Last Friday I did a net install of Solaris 10 on an internal test system. It's some sort of x86 box; I don't have access to the lab to verify the type. When I rebooted after the net install, the system wasn't recognizing its network. ``ifconfig -a'' would only list lo0. I would have suspected that the NIC wasn't plugged in, except I had just installed it over the network.

Alan DuBoff explained to me that a likely cause of the problem was that the card was not listed in /etc/driver_aliases. The fix procedure was pretty simple:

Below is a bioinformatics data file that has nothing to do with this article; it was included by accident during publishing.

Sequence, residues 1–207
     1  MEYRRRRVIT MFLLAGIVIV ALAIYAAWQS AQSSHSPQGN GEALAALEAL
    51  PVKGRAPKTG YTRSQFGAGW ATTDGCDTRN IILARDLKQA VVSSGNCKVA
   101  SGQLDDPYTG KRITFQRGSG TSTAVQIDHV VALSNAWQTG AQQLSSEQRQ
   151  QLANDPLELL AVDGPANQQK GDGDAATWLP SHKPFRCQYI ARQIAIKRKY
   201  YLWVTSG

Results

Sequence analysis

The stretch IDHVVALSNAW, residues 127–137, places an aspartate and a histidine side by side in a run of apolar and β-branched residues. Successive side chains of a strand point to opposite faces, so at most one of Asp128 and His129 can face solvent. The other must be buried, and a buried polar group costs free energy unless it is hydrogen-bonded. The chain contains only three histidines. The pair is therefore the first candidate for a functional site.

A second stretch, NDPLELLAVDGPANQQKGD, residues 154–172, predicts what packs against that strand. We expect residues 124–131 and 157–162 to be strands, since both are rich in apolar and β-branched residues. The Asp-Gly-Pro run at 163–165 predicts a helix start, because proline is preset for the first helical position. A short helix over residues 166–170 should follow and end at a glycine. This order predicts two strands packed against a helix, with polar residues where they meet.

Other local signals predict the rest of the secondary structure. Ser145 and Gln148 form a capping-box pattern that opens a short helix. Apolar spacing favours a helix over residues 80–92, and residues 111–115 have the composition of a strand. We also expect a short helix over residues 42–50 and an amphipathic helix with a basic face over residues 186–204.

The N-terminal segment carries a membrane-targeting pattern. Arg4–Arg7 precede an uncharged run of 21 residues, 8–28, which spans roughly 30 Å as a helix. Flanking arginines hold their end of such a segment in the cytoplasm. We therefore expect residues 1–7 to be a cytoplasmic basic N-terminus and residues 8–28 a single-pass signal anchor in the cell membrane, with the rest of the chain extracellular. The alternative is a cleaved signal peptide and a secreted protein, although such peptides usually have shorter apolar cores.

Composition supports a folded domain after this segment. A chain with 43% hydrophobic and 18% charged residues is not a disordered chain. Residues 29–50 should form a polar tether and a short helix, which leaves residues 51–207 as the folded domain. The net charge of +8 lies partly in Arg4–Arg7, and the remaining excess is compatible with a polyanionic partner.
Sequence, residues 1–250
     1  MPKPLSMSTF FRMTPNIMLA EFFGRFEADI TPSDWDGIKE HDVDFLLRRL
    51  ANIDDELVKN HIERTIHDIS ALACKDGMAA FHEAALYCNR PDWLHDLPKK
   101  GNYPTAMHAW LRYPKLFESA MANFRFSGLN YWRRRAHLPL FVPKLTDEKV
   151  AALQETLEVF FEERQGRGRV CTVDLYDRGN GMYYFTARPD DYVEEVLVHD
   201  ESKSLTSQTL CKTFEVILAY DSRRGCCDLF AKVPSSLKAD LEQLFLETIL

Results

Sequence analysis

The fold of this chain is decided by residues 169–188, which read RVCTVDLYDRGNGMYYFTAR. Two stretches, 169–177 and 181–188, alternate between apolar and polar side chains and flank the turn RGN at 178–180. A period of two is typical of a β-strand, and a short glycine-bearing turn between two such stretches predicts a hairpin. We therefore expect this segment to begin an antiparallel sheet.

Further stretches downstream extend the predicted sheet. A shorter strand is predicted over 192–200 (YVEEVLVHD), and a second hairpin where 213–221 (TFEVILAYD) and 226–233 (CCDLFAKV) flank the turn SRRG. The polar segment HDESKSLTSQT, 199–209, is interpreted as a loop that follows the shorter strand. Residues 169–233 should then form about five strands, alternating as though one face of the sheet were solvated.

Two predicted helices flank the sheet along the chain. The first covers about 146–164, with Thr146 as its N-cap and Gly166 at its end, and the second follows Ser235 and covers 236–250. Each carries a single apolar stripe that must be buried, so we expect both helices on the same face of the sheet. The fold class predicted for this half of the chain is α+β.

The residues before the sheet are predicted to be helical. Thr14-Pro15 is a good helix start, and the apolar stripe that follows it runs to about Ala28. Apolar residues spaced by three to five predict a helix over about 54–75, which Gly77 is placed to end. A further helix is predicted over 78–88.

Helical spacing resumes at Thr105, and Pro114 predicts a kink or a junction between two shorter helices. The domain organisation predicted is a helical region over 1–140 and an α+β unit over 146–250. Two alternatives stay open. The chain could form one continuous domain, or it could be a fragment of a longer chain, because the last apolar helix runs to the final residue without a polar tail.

1. do ``prtconf -pv'' and look for a line for the NIC that appears to contain a driver_aliases entry. In this case it was
    model: 'PCI: 14e4,1645.1028.121.15 - Broadcom 5701 Gigabit Ethernet'
  2. Add a corresponding line to /etc/driver_aliases. In this case:
    bge "pci14e4,1645.1028.121"
  3. Reboot.
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Random information that I hope will be interesting to Oracle's technical community. The views expressed on this blog are my own and do not necessarily reflect the views of Oracle.